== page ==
- Milena Milani's La ragazza di nome Giulio:A Forgotten Feminist Novel
Upon its initial release in 1964, the novel La ragazza di nome Giulio (published by Longanesi) was at the center of a clamorous trial for having "gravely offended a common sense of decency."1 Although other authors, including Moravia and Pasolini, had been similarly denounced, the case was the first in Italy in which an author, male or female, was publicly condemned.2 In the course of the trial, the printing plates for La ragazza di nome Giulio were destroyed and Milena Milani, abandoned by her publisher, was labeled a pornographer. After Milani won the appeals case, however, the novel was re-released in 1968 and subsequently enjoyed several editions and ample success.3La ragazza di nome Giulio was translated into several languages, gained the attention of noted intellectuals of the period, including celebrated French feminist and philosopher Simone de Beauvoir, and was adapted into a film of the same title, which officially represented Italy at the Berlin Film Festival in 1970. Nevertheless, the significance of Milani's La ragazza di nome Giulio, as the earliest pioneering feminist assessment of female identity and sexual difference in fascist Italy, has yet to be [End Page 223] fully explored and acknowledged: in fact, the novel and its author seem to have been largely forgotten.
For Milena Milani, author and talented visual artist, the trial marked the most significant in a series of public confrontations resulting from her unwillingness to conform to the literary trends of the moment and her ability to anticipate the times.4La ragazza di nome Giulio, recounting the coming-of-age in fascist Italy of a girl, Jules, is a concrete example of Milani's progressive voice—a voice that lucidly articulates the simultaneous banality and significance of everyday experiences and objects, and interweaves the intricate historical and philosophical questions on the margins of individual observations and insights. In the narrative, the protagonist goes by Jules, named for her foreign father; however, Milani changes the name to its Italian equivalent in the novel's title. In order to highlight the issue of gender identity, Giulio narrates Jules's experience in the first-person, tracing her story from pre-adolescence to early adulthood, during the fall of fascism in bellic Italy. The narrative is composed of three parts that span across time and space, ordered only in the narrator's memory as the recollection and repetition of significant events. Like Milani's previous protagonists, Jules, as we shall see, reclaims her corporality both as a form of liberation, and as a means of uttering a desperate and often violent cry for female emancipation.5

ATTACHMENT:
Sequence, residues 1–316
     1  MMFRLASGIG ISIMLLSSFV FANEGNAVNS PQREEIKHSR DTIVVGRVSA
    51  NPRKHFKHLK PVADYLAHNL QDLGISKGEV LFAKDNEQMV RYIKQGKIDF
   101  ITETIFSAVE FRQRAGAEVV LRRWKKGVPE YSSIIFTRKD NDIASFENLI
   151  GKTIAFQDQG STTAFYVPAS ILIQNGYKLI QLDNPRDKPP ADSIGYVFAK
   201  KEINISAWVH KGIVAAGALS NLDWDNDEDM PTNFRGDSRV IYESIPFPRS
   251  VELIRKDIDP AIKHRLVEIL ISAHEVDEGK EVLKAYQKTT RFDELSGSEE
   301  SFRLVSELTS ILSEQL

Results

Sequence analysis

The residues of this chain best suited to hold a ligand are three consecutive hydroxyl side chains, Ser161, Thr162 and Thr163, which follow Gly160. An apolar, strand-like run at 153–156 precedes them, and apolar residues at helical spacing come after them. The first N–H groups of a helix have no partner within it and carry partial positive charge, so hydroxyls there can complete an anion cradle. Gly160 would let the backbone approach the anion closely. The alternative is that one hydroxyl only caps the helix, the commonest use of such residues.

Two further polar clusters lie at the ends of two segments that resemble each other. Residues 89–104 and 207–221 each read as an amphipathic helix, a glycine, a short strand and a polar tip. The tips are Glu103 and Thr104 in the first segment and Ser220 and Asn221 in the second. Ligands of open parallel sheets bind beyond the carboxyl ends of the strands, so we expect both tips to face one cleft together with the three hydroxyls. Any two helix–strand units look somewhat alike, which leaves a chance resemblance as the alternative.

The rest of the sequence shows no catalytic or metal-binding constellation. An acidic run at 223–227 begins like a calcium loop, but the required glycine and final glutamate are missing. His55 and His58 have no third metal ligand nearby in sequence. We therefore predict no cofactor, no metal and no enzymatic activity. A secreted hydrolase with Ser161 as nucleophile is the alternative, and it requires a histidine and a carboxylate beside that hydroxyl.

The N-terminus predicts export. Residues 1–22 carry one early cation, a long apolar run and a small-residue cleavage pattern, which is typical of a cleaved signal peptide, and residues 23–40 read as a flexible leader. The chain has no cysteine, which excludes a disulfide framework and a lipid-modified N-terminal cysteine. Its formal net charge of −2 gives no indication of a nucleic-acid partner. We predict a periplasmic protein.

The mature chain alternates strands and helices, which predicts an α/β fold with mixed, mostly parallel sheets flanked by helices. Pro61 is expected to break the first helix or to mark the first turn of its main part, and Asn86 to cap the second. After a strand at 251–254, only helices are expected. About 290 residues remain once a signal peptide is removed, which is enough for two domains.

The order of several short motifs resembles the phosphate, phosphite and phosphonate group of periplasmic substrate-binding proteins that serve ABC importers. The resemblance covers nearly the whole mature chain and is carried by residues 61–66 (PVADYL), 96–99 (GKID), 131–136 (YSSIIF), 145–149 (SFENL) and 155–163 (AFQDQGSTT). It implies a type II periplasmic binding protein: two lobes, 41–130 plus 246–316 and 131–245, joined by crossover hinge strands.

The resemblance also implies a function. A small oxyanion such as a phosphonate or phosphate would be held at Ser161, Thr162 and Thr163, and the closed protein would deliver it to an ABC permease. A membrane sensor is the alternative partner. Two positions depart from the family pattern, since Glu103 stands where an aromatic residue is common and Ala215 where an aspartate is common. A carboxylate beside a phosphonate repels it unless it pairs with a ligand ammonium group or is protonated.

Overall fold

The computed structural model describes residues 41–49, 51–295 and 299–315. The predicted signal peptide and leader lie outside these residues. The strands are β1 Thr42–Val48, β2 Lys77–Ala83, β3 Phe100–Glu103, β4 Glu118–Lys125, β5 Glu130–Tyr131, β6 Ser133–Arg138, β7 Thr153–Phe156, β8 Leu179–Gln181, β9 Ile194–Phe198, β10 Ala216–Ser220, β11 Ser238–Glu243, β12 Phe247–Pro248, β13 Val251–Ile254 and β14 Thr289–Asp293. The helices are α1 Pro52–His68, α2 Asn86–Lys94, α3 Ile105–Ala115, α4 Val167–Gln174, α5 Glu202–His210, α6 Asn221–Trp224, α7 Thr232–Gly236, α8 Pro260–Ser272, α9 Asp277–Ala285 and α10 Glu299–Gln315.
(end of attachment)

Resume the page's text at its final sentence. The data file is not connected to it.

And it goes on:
Milani's interpretation of female experience in Giulio and of the way female sexuality is shaped by a misogynistic paradigm, anticipates feminist ideas later expressed beginning with the Women's Movement in Italy in the 1970s, as well as highlighting (sexual) difference as an essential element in human experience.6Giulio also marks a shift in female authorship in Italy, from the self-determined, independent outlook of women writers, such as Sibilla Aleramo, at the beginning of the twentieth century, to the renewed coming-together of women during the later 1960s, after a long hiatus and the establishment of a [End Page 224] collaborative movement.7 Building on her historic feminist predecessors' thorough examination of the private realm of female thought and experience, Milani anticipates the idea that "the personal is political" and undermines the authority of patriarchal preconceptions of history, sexuality and narrative. The text provides, in narrative form, a necessary analysis for women in 1960s Italy, of the recent fascist past, illuminating the limitations constructed around sexuality and gender roles in contemporary Italian society, rooted in fascism, and laying a foundation for the subversive movements of 1968, as well as the later feminist movement. Milani revolts not only against the subservient role of women during fascism (excluded from politics and confined to the private realm), but also implicitly against the return of the fascist model of women during Italy's economic boom and the author's immediate present, setting a precedent for Italy's most progressive female voices...